Chris Price spends a day with McAfee Labs finding out how it plans to tackle cybercrime by showing organisations such as car manufacturers and the NHS just how easy it is to break into their systems….
Think McAfee and what springs to mind? Probably the anti-virus software that you buy – probably somewhat reluctantly – to protect your computer, in the hope that you won’t be hacked.
Or maybe, if you follow the news, you may have heard of John McAfee, the founder of the company who sought election for the Libertarian Party in the US Elections in 2016 and who as early as 2014 warned US citizens not to use smartphones because apps could be used to spy on their activities (at the time he was considered more than a bit bonkers, but I bet more people are taking him seriously now).
What you probably didn’t realise, and nor did I until I was invited on a trip with the company to Paris to find out more the company’s operations, is just how big McAfee has become. Now owned by chip manufacturer Intel, and headquartered in Santa Clara, California, it employs nearly 7000 employees worldwide and has over a $1 billion a year turnover.
Protecting the home
Nor is McAfee just about protecting your computer from being hacked. By 2020 it’s estimated that the average home will have 50 internet connected devices that could be vulnerable to attack from cyber criminals. These range from cameras designed to monitor your property or to keep an eye on small children to smart meters for managing your gas and electricity.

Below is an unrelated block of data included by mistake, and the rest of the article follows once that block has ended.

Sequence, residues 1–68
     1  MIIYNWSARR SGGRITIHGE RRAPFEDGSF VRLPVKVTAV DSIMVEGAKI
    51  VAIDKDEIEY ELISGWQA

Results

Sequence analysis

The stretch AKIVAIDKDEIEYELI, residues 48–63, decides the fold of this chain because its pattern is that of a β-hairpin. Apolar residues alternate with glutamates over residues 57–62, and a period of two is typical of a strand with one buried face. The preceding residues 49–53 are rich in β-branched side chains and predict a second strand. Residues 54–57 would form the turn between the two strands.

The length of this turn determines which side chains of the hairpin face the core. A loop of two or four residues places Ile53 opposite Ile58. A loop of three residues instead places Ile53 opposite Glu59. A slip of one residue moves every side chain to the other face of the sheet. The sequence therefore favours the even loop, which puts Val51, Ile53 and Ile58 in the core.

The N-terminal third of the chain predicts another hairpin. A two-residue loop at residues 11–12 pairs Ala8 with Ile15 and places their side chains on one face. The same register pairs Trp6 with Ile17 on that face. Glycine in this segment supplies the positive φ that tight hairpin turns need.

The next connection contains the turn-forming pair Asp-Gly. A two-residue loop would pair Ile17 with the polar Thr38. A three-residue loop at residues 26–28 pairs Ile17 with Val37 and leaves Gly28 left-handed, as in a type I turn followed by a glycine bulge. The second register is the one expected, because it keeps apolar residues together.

As a result, McAfee has recently announced its smart home cybersecurity solution which sits inside your home router to protect all of your home’s devices. Spain’s Internet Service Provider (ISP) Telefonica, which owns the UK’s O2 network, recently introduced McAfee’s solution for customers using its routers while both the D-Link AC2600 and Arris Surfboard also have the technology built in.
The idea is that by using a smartphone app or even Alexa’s voice recognition technology it’s possible to detect which of the internet connected devices are secure and which are vulnerable because, say, they are using the default user name and password.
It’s also possible to assign certain devices to individual family members and to limit internet access to various categories based on the user’s age. For example, you may decide that you don’t want a young child to access a dating website in which case the child will get a message telling them to speak to their parent.
Explains Raj Samani, McAfee Fellow and Chief Scientist: “It’s not just about protecting devices in the home, but protecting what matters to you including your children.”
“Antivirus isn’t just a commodity,” adds Marc Vos, McAfee Senior Manager, Worldwide Consumer Product Marketing. “The products may be commodities, but certainly not the intelligence that goes into them.”
One area that McAfee is heavily involved in, but currently doesn’t publicise a great deal, is how it uses its technology to gather intelligence in order to identify criminal activity. This information is then passed onto security services such as Europol.
According to McAfee’s research an astonishing 53% of all crime now uses some form of digital technology, whether that’s low level fraud or more sophisticated cyber crimes involving criminal gangs.
For example, McAfee was able to identify a cyber attack during the recent Winter Olympics in South Korea and in December 2017 helped Europol with the arrest of individuals suspected of infecting computer systems by spreading the CTB Locker malware – a form of file encrypting ‘ransomware’.